I recently had the opportunity to return to my hometown of Rochester, NY, and it was, without a doubt, the travel equivalent of comfort food. Most everything I remembered from my youth was still there, frozen in time. Sort of like Ted Williams. Except that he was a dude and this is a town. Pompeii, maybe? Yeah, that’ll work. Any-hoo, I invite you now on a journey to the land of Chuck Mangione, Susan B. Anthony and Foreigner’s Lou Gramm (he is, in fact, hot blooded – I checked it and saw).
My first discovery was that the local radio stations, in an act of obvious generosity toward me, had cued up all the songs I loved from my bygone youth. Imagine my glee as I started up my parents’ car (which I borrowed, promising to return it with a full tank – like that was gonna happen) when the magic music box in the dashboard delivered me the gift of Ronnie James Dio, Rush and, wait for it… Asia. If you grew up in the ’70s or ’80s, I recommend you visit just to drive around and listen to 96.5 WCMF. ’Cause when they say more rock, less talk, they’re seriously not fucking around.
One thing that was definitely on my to-do list was frozen custard from Abbott’s in Charlotte (pronounced: Shar-LOT), just over the Genesee River from my hometown of Irondequoit (pronounced: good luck with that). Right on Lake Ontario, Charlotte is a summertime hotspot where families, bikers, Camaro drivers in teal wifebeaters and a streetcorner troubadour, who calls himself the Beatle, have mingled for decades.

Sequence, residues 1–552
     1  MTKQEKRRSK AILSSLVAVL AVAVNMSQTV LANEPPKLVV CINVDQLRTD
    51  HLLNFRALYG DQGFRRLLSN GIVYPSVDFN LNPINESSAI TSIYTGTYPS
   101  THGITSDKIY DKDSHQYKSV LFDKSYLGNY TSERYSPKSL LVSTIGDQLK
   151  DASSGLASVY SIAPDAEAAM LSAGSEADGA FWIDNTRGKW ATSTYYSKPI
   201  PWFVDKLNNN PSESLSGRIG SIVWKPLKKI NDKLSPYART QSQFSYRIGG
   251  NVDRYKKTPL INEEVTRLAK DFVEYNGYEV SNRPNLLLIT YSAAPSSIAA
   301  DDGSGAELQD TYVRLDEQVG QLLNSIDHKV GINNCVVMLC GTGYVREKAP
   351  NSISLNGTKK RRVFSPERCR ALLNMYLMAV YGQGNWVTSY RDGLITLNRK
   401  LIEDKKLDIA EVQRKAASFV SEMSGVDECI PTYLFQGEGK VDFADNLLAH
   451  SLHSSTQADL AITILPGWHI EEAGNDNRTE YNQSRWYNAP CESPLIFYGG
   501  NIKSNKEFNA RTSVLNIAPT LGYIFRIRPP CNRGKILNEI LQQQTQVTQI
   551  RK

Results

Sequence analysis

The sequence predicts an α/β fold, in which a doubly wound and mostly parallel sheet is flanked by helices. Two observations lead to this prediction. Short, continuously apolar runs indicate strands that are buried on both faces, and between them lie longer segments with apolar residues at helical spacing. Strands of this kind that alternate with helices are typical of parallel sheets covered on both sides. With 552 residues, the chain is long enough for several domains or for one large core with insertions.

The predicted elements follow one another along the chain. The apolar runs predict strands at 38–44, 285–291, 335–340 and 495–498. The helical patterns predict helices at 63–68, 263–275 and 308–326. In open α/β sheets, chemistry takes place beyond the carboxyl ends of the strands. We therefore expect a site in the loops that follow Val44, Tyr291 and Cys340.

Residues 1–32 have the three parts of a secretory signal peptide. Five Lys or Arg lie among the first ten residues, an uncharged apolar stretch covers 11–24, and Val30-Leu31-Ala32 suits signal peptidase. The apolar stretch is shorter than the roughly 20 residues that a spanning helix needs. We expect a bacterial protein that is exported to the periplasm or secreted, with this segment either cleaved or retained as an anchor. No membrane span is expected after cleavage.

Charlotte was immortalized in song by Foreigner, in their (debatably) classic tune “Rev on the Red Line.” “Just let it go. Runnin’ all night on Lake Avenue.” And its Penny Arcade nightclub was very nearly the site of U2’s North American debut. Sadly, a cancellation handed that distinction to the Ritz in NYC (the 1980 Boy tour, for those of you who care about that stuff). Interestingly enough, the Penny Arcade was also once slated as the site of my North American debut. Unfortunately, I quit the band before the gig. It’s uncanny how similar my musical career has been to Bono’s.
But I digress. The purpose of my visit to Charlotte was two-fold. To get frozen custard. And to see the world’s cheesiest guy in a Camaro. ’Cause that’s what you do at Abbott’s. As I finished the last delicious bite of my chocolate/vanilla twist sugar cone, I’ll admit, my heart was a little heavy. Sure, I’d gotten my thick, scrumptious custard. But there wasn’t a muscle car in sight. Perhaps the place had changed after all. Then, as I turned to walk back to my parents’ car (now running on fumes – suckers), I saw it. Not a Camaro, but almost as good. A black Trans Am, occupied by not one, but two magnificent specimens – in all their tanktop splendor. As I watched them leer salaciously at a pair of tube-topped vixens, I thought to myself – it’s good to be home.